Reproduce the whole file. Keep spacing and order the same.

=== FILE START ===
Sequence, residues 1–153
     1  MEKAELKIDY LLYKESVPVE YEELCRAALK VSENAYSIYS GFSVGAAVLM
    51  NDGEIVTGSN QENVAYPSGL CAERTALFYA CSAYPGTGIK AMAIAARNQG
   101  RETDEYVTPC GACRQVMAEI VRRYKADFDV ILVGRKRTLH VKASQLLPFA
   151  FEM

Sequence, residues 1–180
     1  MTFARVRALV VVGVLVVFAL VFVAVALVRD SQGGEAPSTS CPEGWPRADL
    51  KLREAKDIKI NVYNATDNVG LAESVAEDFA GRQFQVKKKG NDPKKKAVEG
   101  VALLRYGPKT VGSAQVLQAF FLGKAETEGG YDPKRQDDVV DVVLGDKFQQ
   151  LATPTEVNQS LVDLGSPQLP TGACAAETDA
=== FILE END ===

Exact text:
Sequence, residues 1–153
     1  MEKAELKIDY LLYKESVPVE YEELCRAALK VSENAYSIYS GFSVGAAVLM
    51  NDGEIVTGSN QENVAYPSGL CAERTALFYA CSAYPGTGIK AMAIAARNQG
   101  RETDEYVTPC GACRQVMAEI VRRYKADFDV ILVGRKRTLH VKASQLLPFA
   151  FEM

Sequence, residues 1–180
     1  MTFARVRALV VVGVLVVFAL VFVAVALVRD SQGGEAPSTS CPEGWPRADL
    51  KLREAKDIKI NVYNATDNVG LAESVAEDFA GRQFQVKKKG NDPKKKAVEG
   101  VALLRYGPKT VGSAQVLQAF FLGKAETEGG YDPKRQDDVV DVVLGDKFQQ
   151  LATPTEVNQS LVDLGSPQLP TGACAAETDA